I was thinking about this question when I read a post on Facebook:
More and more people are treating the ‘Add friend’ button on Facebook as the ‘Follow’ button on Twitter: they do not necessarily know you, neither do they really want to be your friends; they just want to know what is going on with you.
When someone tries to add you as friend, Facebook gives you information on the number of ‘common friends’ you two share. While that piece of information is being used by some people as an important determinant in accepting/rejecting friend requests, many simply do not care about this number and choose to accept the request right away. In fact, I have done a little experiment using my own Facebook account: I randomly typed in a name in the ‘search people’ section and sent friend requests to the first 20 people on the list whom I share no ‘common friends’ with (I apologize to those 20 guys puzzled by the friend request from this total stranger). To my surprise, 12 out of these 20 people accepted my friend request within a day; 4 more accepted my request within the next 2 days and the rest 4 did not respond. Nobody actually rejects me! Hooray!
I know my experiment design is not sophisticated enough to be foolproof, but at least it says something about our behavior online that could be different from what happens in the real world. People are curious about what is going on with others, even those they do not personally know. And if the cost of knowing others’ life is reduced to just one click on the ‘Add friend’ button, why not go ahead and do it? For those receiving the friend requests, they feel flattered (if not puzzled) if people are interested in his/her life. Few people actually click the ‘reject’ button because they do not want to disappoint the requester by being ‘rude’. They just choose to ignore the request which has similar effect as rejecting the request but saves face for both sides.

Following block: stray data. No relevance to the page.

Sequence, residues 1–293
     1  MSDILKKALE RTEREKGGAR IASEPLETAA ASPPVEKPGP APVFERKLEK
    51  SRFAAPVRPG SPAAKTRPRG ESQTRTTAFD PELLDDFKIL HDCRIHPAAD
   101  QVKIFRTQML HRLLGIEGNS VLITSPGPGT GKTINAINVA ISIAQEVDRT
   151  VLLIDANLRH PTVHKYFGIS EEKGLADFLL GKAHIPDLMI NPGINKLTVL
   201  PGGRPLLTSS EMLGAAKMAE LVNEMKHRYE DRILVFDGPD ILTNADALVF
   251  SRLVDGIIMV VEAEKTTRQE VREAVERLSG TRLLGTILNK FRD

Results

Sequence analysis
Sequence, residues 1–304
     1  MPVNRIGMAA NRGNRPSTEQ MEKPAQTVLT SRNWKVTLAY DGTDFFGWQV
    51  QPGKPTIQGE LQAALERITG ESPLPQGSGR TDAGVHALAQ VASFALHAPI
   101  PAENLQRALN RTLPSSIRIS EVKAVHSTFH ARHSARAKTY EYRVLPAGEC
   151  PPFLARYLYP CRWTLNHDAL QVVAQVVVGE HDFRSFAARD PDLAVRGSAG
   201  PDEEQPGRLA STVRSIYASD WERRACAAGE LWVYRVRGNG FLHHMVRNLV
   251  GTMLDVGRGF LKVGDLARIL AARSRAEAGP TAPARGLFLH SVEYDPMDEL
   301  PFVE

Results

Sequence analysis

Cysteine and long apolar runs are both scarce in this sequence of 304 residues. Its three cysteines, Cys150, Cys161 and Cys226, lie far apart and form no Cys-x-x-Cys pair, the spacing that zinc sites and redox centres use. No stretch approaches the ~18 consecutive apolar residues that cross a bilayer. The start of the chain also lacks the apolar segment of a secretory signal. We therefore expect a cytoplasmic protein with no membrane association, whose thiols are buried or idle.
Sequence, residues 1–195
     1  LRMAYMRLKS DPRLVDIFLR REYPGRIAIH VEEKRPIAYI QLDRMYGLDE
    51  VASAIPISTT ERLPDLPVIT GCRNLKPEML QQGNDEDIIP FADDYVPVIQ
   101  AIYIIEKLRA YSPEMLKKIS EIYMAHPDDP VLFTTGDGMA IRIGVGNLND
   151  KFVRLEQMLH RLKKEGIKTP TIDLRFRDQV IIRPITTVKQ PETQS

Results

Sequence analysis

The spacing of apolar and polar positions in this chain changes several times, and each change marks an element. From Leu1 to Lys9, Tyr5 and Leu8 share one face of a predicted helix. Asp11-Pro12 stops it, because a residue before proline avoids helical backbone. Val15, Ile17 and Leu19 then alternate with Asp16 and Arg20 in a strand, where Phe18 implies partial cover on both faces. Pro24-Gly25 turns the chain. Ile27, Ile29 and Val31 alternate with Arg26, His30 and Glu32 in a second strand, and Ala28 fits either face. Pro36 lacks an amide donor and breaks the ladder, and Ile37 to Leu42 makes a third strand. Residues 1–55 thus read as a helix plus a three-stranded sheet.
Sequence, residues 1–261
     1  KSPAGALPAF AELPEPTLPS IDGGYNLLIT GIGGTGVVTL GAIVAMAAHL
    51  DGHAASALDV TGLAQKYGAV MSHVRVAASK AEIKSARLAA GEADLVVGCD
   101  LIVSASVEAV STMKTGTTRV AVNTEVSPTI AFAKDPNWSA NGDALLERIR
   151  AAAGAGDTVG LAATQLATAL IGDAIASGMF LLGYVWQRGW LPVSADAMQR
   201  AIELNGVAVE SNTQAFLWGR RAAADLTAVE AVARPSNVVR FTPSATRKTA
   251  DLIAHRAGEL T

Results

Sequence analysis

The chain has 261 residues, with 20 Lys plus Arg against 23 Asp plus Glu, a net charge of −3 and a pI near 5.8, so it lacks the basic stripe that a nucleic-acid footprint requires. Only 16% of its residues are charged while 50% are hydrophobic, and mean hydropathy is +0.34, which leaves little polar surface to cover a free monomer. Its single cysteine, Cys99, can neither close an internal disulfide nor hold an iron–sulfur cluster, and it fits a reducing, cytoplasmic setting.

I am definitely not the first one to discover this, and there are many people online who are thinking about the same question as I do: how many ‘friends’ on Facebook are real and genuine friends of ours? One reply to that post above shows an answer to this question (and the person who replied happens to be my friend – on Facebook):
I am seriously considering un-friending my friends on Facebook one by one and then spend some time thinking about what this particular ‘friend’ means to me: if I can find a good reason, I will leave a sincere message to this friend and submit a friend request again; if not, then it does not hurt to un-friend this guy.
I am not sure whether he will add me again after un-friending me, but his idea absolutely intrigues me. At a time when everything is fast-paced and result-orientated, we really need some space to take a breath and reflect upon our definitions of basic ideas like ‘friends’. By randomly submitting and accepting friend requests, people are indeed more ‘connected’, but not in a way we actually want. We are blurring the boundary between ‘friends’ and ‘loosely connected strangers’. Maybe we really need to re-define our criteria for making friends online, though not necessarily in the way quoted above (unless you really have a lot of free time). Only with a clear set of criteria in mind can we really make more friends and strengthen our existing friendship on Facebook.
So you just added me as a friend on Facebook. But are we friends?